Commemoration in November 1945 was a very emotional affair and was well reported in this later issue. This was the OSE’s time and the first ‘real’ such event for seven years. Over 200 came ‘most of them straight from their tanks, their aircraft, their warships or their POW camps, with their decorations and wounds, fresh upon them, made their way to the School’. 

‘We remembered our founders, benefactors and absent friends with a greater intensity of feeling and devotion than ever before. As we stood, the Warden (apparently with tears pouring down his face), read the names of those OSE who had fallen in the war, pride and sorrow were mingled in our hearts, in that great paradox of the Christian religion, the glory of the cross’.

The Critic- the School Play in 1945

The social side was not missed, and the traditional rugby match between the School and OSE saw the former win a close game 9-6. The School Play, in Big School, was Sheridan’s The Critic, and played over two nights to high praise (not always the case in the Chronicle)!

The School Rugby XV v. Martyrs 1945

The OSE dinner, November 1945

In the evening came the 82nd OSE Dinner at the Randolph Hotel with 180 present either in black tie or uniform. The President was Sir Francis Wylie, the first OSE ever to achieve a Double First at Oxford University. Two Wardens were present and twenty members of the teaching staff. Again it was an evening of laughter, sadness and nostalgia. 

School Cricket XI at Gaudy 1945

 

Finally, Henry Kendall, the venerated Warden of those war time years, wrote a published letter in this Chronicle. He was always a mixture of stoicism and emotion and the final paragraph probably states how all felt at that time.

 

‘At the first meeting in peace-time since June 1939, the Governors of St. Edward’s School wish to place on record their pride in the distinguished services rendered by the Old Boys in the war, their sympathy with the relatives of those who have given their lives, and their hope that in the future, as in the past, the school may send out a succession of boys to give as high service to their country in peace, as their elder brothers have given in war’.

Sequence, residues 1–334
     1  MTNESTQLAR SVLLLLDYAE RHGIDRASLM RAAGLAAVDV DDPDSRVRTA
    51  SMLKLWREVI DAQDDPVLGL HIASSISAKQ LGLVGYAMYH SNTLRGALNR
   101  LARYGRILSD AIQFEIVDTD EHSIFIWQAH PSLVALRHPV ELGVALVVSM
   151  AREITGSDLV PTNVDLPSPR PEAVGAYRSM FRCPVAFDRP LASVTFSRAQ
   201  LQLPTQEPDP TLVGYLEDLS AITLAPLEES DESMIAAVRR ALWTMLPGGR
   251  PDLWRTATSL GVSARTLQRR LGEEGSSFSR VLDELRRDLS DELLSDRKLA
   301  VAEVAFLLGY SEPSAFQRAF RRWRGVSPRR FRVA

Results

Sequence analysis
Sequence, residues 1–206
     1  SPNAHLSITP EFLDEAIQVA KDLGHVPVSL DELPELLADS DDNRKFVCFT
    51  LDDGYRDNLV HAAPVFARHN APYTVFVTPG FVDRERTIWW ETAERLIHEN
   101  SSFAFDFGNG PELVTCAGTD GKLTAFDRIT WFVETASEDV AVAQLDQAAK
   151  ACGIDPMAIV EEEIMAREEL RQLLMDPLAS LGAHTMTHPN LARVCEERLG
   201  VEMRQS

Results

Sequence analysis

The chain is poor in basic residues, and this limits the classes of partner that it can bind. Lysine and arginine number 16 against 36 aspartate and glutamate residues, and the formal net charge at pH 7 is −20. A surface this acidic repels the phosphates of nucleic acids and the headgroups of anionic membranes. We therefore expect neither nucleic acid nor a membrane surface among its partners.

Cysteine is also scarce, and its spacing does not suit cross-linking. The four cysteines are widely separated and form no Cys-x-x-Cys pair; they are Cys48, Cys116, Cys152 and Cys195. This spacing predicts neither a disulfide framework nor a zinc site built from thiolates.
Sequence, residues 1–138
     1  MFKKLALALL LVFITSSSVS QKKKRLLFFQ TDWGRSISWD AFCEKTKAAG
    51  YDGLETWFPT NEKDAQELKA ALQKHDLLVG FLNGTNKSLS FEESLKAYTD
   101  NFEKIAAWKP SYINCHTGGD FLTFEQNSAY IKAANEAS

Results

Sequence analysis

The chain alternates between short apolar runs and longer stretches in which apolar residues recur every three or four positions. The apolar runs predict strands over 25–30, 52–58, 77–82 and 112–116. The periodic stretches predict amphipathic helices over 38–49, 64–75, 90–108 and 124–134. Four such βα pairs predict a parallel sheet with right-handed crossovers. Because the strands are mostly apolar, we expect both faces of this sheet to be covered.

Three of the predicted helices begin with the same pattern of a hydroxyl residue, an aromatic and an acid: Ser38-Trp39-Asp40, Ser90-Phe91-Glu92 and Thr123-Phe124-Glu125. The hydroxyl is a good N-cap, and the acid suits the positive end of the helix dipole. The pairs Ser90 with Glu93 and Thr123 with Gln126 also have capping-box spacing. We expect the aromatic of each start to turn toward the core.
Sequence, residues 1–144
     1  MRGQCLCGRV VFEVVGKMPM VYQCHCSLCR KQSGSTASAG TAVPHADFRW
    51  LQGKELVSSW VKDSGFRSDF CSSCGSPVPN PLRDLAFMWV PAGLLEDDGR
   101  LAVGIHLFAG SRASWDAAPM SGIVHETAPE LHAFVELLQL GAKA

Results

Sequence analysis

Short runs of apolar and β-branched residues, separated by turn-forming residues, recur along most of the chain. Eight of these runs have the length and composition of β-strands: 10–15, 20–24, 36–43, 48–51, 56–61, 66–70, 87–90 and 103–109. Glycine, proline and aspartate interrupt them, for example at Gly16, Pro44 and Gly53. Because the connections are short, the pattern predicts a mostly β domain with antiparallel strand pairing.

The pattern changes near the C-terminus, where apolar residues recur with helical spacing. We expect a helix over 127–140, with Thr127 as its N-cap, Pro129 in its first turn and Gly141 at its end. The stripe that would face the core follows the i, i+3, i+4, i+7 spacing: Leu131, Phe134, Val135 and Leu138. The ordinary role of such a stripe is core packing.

We have records of all 151 OSE and I teacher who fell in WW2, and tribute to them and others who gave their lives so honourably, there are accounts of a several of them below:

 

Arthur Banks, Sergeant Pilot, Royal Airforce Volunteer Reserve. Killed in enemy hands, Italy September 1944. Awarded George Cross, posthumously, mentioned in despatches.

 

 

Paul Cooke, Second Lieutenant, Oxford & Buckinghamshire Light Infantry, Killed in action, Comines, Belgium May 1940.

 

 

 

Alec Cranswick, Squadron Leader, Pathfinders Royal Air Force. Killed in action over Villecresnes, France July 1944. Awarded Distinguished Service Order and Distinguished Flying Cross.

 

 

Eric Dixon, Sub Lieutenant, Fleet Air Arm Royal Navy Volunteer Reserve. Killed in action over coast of Tripoli, Libya, April 1941. Mentioned in despatches (posthumously).

 

 

Edward Trend, Leading Airman, Fleet Air Arm, Royal Naval Volunteer Reserve. Killed in action trying flight over Arbroath, Scotland.

 

 

 

 

Adrian Warburton, Wing Commander, Royal air Force. He was awarded the Distinguished Service Order (DSO) and Bar, Distinguished Flying Cross (DFC) and two Bars, and the American DFC. Killed in action, probably in 1944 in a mission over Munich.

 

Guy Gibson, Group Captain, Bomber Command, Royal Air Force. Killed in action over Steenbergen, Netherlands, September 1944. Victoria Cross, Distinguished Service Order and Bar, Distinguished Flying Cross and Bar, Commander of the Legion of Merit (United States of America).